If you live in Madrid, it’s basically understood that you’re a city-person. With 3 million people and growing, Madrid is not for the fainthearted; it is a booming metropolis with winding streets that are filled to the brim. Sometimes, even those who love cities feel the need to escape to nature and breathe in the fresh air. Luckily, there are various parks and gardens in Madrid that you can go to so you’ll never feel like you’re too far from nature. More than that, many of the green spaces in the Spanish capital feature something extra or special in terms of culture, activities, or natural beauty. Discover my Madrid guide to the most interesting parks in the city.
Cecilio Rodriguez Gardens, Parque del Buen Retiro
If you reside in or have visited Madrid, you’ve no doubt been to Retiro Park. It is known for its mystical Crystal Palace and row boat pond, and it’s a great place for a picnic or people-watching. But the park is so large that there are probably some corners you haven’t fully explored yet. The Cecilio Rodriguez gardens in the southeast corner of Retiro Park are not to be missed. Where else in the city will you find French-style gardens with peacocks abound?
Parque del Oeste
Step out of the city and into the Shire. The Park of the West, with its rolling hills, trickling streams, and small footpaths, is like a scene straight out of a movie. Plus, it features its very own Egyptian temple! The best time to visit is spring or summer, when it’s rose garden is in full bloom and its canals are flowing with water. As its name implies, it is located in the northwest corner of the city, next to the Argüelles neighborhood.
For active families, this is the ultimate urban park. Running along the sides of the Manzanares River, the Madrid Rio park consists of long, flat pathways perfect for walking, running, biking, or rollerblading. For adults, it’s got workout stations, cafés, and scattered gardens. For kids, it’s got play stations, slides, zip-lines, and in summer, water jets. Discover more fun things to do in Madrid with kids.
Parque Quinta de los Molinos
The funny thing about this Madrid park is that you can only soak up its full beauty during a couple of weeks in March or April. Quinta de los Molinos is full of almond trees that show off their cute pink blossoms for a limited time at the very beginning of spring, and if you miss those dates, you’re out of luck! Of course, the park is open all year long, but for the best experience, go when the “almendros” are in bloom.
Campo del Moro
Want to feel like a royal? With unbeatable views of the Madrid Royal Palace, you will. Most people go the Sabatini Gardens located in front of the palace because of the ease of access, but travel a little further down the road and the Campo del Moro park will surprise you. You’ve definitely seen its impressive front lawn, with the palace standing gloriously in the background, in photos. Besides a few fountains and ponds, this natural space also has a couple tiny chalets hidden within its grounds.
Cerro del Tio Pio
Another park with amazing views is Tio Pio Park, located in the neighborhood of Vallecas. Consisting of 7 man-made hills (referred to as "las siete tetas" in Spanish), this park offers stunning views of the whole of Madrid, its buildings, towers, and the mountains in the distance. It’s the perfect place for a picnic with friends or for a romantic date watching the sun go down. For more stunning views of Madrid, discover the city's best rooftop bars and restaurants.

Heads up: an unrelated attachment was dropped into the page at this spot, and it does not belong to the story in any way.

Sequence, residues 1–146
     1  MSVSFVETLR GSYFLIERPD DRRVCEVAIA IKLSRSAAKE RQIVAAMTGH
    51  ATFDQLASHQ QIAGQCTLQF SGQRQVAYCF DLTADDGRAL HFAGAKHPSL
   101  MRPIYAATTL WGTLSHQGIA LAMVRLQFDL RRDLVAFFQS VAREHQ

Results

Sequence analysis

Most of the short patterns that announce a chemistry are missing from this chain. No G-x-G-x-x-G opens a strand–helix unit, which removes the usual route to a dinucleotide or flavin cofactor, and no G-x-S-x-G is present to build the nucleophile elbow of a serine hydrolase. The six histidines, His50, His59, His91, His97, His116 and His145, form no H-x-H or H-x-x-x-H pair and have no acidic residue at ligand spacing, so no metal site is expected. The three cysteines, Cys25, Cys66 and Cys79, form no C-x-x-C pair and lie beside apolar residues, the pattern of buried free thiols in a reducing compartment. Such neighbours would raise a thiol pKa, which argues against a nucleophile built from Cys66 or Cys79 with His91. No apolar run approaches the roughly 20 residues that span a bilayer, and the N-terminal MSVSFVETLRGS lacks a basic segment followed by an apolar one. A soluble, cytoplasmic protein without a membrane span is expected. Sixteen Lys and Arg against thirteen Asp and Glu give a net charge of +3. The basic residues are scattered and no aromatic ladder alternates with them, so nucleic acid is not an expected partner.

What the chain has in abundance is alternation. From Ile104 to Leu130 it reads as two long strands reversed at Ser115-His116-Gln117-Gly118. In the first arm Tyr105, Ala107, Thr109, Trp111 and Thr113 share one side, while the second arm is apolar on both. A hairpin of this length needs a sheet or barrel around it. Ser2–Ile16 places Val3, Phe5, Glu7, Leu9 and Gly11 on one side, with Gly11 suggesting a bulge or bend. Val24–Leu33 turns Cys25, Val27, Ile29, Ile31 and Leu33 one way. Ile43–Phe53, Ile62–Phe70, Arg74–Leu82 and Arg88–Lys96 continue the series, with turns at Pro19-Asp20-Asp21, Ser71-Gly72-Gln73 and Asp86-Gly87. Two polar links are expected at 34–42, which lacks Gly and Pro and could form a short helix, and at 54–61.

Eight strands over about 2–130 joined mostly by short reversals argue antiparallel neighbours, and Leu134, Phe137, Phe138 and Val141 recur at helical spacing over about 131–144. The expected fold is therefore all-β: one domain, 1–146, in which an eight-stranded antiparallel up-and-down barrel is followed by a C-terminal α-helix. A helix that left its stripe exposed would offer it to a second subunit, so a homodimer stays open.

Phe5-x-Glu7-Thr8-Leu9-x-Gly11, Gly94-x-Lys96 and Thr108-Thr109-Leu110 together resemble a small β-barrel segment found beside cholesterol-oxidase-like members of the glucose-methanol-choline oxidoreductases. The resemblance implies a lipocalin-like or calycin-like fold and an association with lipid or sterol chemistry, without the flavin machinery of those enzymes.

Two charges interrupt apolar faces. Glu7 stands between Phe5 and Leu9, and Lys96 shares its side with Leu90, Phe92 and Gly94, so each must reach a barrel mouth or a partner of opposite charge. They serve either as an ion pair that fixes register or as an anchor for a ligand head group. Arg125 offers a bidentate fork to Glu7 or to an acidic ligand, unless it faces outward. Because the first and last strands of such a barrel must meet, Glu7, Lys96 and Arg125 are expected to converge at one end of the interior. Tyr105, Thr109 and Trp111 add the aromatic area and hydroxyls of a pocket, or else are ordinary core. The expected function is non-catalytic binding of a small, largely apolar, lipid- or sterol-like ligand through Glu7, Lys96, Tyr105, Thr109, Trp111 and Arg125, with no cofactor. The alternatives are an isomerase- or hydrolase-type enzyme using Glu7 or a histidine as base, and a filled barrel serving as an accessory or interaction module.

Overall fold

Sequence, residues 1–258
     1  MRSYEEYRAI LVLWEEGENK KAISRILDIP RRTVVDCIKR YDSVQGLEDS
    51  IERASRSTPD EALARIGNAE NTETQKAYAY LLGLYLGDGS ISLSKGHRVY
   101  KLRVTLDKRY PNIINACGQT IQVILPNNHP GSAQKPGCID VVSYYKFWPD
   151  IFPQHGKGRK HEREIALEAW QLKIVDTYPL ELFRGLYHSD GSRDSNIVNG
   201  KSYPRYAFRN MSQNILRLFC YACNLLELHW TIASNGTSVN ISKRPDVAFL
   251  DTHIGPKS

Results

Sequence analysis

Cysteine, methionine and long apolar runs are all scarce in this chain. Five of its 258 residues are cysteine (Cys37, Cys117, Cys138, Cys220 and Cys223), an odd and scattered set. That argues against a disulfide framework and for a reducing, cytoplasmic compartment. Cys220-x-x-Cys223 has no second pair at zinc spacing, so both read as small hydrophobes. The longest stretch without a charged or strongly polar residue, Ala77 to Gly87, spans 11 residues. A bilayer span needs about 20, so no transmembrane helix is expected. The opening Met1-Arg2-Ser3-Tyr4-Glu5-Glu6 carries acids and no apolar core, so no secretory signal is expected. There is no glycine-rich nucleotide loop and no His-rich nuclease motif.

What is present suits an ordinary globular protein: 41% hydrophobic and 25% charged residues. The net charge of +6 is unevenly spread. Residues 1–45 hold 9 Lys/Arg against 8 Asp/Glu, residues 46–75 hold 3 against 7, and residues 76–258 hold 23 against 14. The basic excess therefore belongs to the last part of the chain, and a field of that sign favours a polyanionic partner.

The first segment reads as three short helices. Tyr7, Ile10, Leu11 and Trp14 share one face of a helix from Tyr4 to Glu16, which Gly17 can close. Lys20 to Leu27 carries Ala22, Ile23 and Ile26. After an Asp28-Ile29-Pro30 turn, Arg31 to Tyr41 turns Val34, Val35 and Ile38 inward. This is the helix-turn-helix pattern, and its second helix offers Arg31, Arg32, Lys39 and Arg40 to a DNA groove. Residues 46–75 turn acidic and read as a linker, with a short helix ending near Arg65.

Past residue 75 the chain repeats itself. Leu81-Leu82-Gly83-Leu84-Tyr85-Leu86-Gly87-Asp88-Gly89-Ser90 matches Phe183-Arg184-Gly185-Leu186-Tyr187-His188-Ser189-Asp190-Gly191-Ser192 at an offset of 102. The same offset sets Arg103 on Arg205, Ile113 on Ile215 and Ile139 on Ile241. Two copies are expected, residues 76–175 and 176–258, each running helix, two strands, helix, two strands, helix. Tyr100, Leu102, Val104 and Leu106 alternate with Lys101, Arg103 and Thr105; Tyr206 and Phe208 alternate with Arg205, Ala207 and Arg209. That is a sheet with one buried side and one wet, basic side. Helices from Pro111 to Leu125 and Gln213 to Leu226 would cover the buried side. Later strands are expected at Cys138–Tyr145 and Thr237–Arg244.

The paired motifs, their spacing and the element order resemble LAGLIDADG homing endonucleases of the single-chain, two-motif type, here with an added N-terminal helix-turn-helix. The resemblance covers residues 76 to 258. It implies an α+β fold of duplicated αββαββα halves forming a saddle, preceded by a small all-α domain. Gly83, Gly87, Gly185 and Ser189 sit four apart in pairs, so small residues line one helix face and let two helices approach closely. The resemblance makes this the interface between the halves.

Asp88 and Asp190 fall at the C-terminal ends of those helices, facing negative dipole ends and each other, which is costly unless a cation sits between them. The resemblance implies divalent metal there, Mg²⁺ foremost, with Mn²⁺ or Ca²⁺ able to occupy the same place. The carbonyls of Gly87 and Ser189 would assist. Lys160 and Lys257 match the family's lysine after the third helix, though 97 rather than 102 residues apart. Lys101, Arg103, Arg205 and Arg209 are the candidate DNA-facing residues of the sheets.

Parque de Berlin
Talk about cultural offerings...this small park features a piece of history itself! As you can perhaps guess from its name, the Park of Berlin contains 3 pieces of the Berlin Wall. It is located near metro stop Concha Espina on the purple line 9.
Casa de Campo
The former hunting grounds of the Spanish royal family, Casa de Campo is the biggest park in Madrid. Here, you’ll find a small lake, zoo, aquarium, amusement park, public swimming pool, and countless walking and biking paths. The coolest way to reach the park is to take the cable car from the Park of the West in the Argüelles neighborhood. If you're looking to find out about the best neighborhoods in Madrid, read this post.
Parque de El Capricho
This park is only open on the weekends, but it is definitely one of the nicest green spaces in Madrid. The gardens you’ll find at El Capricho come in 3 different styles: French, English, and Italian, so it accommodates whatever you’re looking for. This pretty park also features a Spanish Civil War bunker, which you can see through a free guided tour (booked in advance).
Parque Juan Carlos I
Right next to El Capricho Park, you’ll find another huge natural area named after the former king of Spain. It plays host to various modern sculptures, a small river, a botanical garden, and an olive tree grove. There is also a golf course to one side, for those who partake in the elegant sport of golf.
Sometimes living in Madrid feels like an urban jungle, but this Madrid guide proves that the city has plenty of cool parks and gardens you can visit to get back to nature. My favorites are Parque del Oeste and Cerro del Tio Pio, but you will cultivate your own favorites as you visit each of Madrid’s parks one by one. Some of these suggestions might surprise you, or maybe you’ll visit Retiro Park like you have a thousand times before and discover something new. That's the beauty of Madrid!